Woolaroc Buffalo Skull

Woolaroc Buffalo Skull

In January 1926 — about three months after oil tycoon Frank Phillips officially unveiled his new Woolaroc lodge at his ranch in Oklahoma — his first major shipment of animals — a herd of buffalo — arrived at the ranch. Phillips already had cattle grazing in the pastures, and a dozen buffalo were growing fat in a meadow, but he wanted more. The new buffalo Phillips selected came from Pierre, South Dakota, and were part of the largest wild herd left ion the country. A total of 183 buffalo were shipped — 120 for Phillips, 53 for the Miller brothers at the 101 Ranch, and 10 for Waite Phillips’ new ranch located in the mountains of northern New Mexico.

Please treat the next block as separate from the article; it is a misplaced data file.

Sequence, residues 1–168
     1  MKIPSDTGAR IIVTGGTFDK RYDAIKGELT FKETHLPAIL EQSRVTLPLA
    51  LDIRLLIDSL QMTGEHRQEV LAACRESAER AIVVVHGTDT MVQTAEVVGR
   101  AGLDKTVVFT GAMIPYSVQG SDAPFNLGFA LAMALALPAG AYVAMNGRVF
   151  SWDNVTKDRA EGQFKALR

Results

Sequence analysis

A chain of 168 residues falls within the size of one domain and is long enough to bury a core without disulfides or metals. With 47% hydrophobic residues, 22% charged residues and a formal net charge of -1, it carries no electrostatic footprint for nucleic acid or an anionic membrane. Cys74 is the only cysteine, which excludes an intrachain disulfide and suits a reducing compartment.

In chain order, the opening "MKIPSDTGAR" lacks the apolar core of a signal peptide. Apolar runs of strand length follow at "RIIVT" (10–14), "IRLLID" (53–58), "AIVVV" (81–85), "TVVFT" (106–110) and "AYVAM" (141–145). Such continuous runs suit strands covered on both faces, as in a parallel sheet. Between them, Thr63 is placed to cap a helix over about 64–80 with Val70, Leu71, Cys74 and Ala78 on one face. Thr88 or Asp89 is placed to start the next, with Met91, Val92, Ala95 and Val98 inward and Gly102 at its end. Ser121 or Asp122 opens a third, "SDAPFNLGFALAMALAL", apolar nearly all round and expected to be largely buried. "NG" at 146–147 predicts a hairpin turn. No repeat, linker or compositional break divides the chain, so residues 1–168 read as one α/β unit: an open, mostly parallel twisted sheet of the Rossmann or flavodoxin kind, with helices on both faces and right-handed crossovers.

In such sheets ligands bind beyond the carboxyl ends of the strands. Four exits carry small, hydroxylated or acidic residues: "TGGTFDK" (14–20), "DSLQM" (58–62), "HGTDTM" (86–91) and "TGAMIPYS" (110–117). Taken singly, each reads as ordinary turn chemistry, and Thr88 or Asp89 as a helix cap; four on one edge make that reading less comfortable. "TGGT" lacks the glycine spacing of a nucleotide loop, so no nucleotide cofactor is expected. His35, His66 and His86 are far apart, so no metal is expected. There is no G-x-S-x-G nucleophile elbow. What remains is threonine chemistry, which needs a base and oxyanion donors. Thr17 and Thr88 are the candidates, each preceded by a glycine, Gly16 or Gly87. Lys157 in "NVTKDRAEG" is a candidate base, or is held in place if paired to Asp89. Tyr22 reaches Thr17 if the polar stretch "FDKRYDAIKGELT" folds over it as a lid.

Phillips could boast that he owned the second-largest herd of buffalo in captivity in the United States. His 132 buffalo put him ahead of Pawnee Bill, the showman who kept a sizable herd of bison for his Wild West show. Only the Millers’ herd of 200 buffalo was larger than the herd at the Frank Phillips Ranch.

In tribute to Buffalo Bill Cody, a childhood hero, and because of the importance of buffalo in the development of the American West, Phillips selected the big shaggy animal — the monarch of the plains — as the official symbol for his ranch. A buffalo-head illustration adorned the ranch stationery, and when the herd was thinned or an old animal died, their skulls were tacked on the lodge walls or in prominent places around the ranch.

The buffalo skull in this photo is from the original herd and was presented to Michael Wallis after the publication of Oil Man, his biography of Frank Phillips.

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